Choose A Narrative: 3 Storytelling Methods For Email Marketing (With Examples)
Today, the only messages email recipients will read and listen to are the messages they choose to read and listen to. We are marketing to an opt-in culture.
The key to positive attention in this type of environment is riveting content. This content must appeal to the recipients emotions. The best way to build an emotional connection between customer and brand is through mastering the art of telling stories.
To effectively story-tell brands need to complete two objectives: share stories that people want to listen to, and tell stories that engage audiences with the brand. By keeping the stories personable, relevant, and engaging, the last thing on your recipients minds will be to opt-out.
To begin, let’s take a look at an email that does not tell a story:
I receive emails like this all the time.
They take advantage of their list to make quick sales. Most of their recipients will immediately perceive this as spam. Other’s won’t open it, and some will buy. Every purchase by the latter encourages us as email marketers to send similar offers. After all, the company is making money right?
Short term – yes. However, over time they burn out their list. This is not a sustainable approach. In fact, constant quick-fire sales emails have been said to be detrimental to how the recipient feels about the company. This is a MAJOR problem because our choice to buy as a consumer is largely based on our emotions – we only use the facts offered (sales, warranties, guarantees, etc) to justify this purchase.
The long term success of email marketing is rooted in telling stories. Email is a great channel to begin a story, even if the story is not completed within the email itself. Below are three different storytelling models that you can use within your email marketing as well as insights on why they work.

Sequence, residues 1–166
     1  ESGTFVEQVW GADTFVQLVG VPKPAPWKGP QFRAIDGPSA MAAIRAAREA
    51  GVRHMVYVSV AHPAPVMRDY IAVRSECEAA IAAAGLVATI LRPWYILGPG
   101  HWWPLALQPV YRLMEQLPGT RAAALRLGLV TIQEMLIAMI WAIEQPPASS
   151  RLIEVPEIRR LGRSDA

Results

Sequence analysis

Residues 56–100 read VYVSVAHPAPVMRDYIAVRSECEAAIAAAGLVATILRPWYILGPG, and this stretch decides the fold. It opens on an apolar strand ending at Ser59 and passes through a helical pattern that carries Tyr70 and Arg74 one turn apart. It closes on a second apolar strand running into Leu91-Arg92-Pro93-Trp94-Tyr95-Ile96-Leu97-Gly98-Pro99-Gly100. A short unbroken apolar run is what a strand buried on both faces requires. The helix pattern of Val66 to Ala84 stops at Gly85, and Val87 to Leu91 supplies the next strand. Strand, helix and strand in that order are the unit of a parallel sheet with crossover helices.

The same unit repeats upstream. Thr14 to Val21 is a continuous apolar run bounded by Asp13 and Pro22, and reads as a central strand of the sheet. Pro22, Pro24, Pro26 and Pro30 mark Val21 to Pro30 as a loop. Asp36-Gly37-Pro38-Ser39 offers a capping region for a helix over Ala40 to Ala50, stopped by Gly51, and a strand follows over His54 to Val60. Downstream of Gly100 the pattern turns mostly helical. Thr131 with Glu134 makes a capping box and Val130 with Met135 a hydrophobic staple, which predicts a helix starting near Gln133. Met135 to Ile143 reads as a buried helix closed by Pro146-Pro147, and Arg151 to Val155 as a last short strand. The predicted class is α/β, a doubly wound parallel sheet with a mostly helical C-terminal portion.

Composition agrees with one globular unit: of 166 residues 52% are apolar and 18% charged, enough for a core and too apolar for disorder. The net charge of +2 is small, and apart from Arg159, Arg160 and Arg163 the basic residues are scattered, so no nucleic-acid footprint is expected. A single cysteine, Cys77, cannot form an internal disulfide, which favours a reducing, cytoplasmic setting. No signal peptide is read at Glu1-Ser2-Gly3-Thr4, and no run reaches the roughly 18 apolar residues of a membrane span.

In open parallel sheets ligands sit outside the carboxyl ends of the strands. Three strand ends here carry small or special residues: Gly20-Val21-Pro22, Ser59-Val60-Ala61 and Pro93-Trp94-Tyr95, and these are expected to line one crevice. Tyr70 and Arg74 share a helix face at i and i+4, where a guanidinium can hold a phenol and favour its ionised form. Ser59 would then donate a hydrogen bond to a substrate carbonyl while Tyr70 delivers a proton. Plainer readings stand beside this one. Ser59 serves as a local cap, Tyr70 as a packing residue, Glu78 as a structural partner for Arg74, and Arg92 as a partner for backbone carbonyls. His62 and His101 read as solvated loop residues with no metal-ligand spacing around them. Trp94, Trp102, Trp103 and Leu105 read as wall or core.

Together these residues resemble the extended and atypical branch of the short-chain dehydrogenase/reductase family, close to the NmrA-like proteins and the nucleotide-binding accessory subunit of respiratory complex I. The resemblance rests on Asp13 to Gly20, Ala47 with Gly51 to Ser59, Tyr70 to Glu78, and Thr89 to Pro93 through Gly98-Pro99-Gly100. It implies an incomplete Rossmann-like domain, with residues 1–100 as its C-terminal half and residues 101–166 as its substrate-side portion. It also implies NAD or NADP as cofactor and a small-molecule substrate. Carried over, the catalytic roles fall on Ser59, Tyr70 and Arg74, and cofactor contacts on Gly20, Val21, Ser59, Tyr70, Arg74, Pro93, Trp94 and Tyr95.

1. Linear Storytelling “The Traditional Model”
Linear storytelling is a method that starts at Point A and follows a logical progression of chronological events guiding the characters to Point B. The audience cannot alter the course of events.
This is the most common storytelling approach for e-commerce email. Since the audience cannot inﬂuence the story, the storyteller is in full control of the outcome.
The narrative follows a chronological order that readers can easily identify with. The story must keep listeners excited through relevant and relatable situations and characters.
Why This Email Works:
It stirs emotions.
It evokes memories of the friends they ate with, the days, the places they cooked, and therefore transcends the copy from written content to points in time that the recipient can feel.
It is personal.
Recipients can easily identify with the storyline as the protagonist is themselves. The Blue Apron copy clearly identifies the personal accomplishment of the recipient through numerical values; the amount of ingredients the recipients use, the time shared, and the techniques learned. It is a personalized story, told from this company’s distinctive vantage point.
The attention span of the average human being is 8 short seconds. The underlying story Blue Apron lays out is chronological, logical and to the point. They took the complexity of showcasing a full year of cooking into a few simple lines through focusing on a simple point A to B layout.
Stories are meant to be shared. Humans are social creatures. If we see a message from a brand it holds far less value than a message about that brand from a friend of ours using them. Connect with your customers, and they will connect you with their friends. The Blue Apron email clearly calls on the viewer to share their year in review via social networks, and because of it’s relevant, personal, simple, and positive story, they very well might.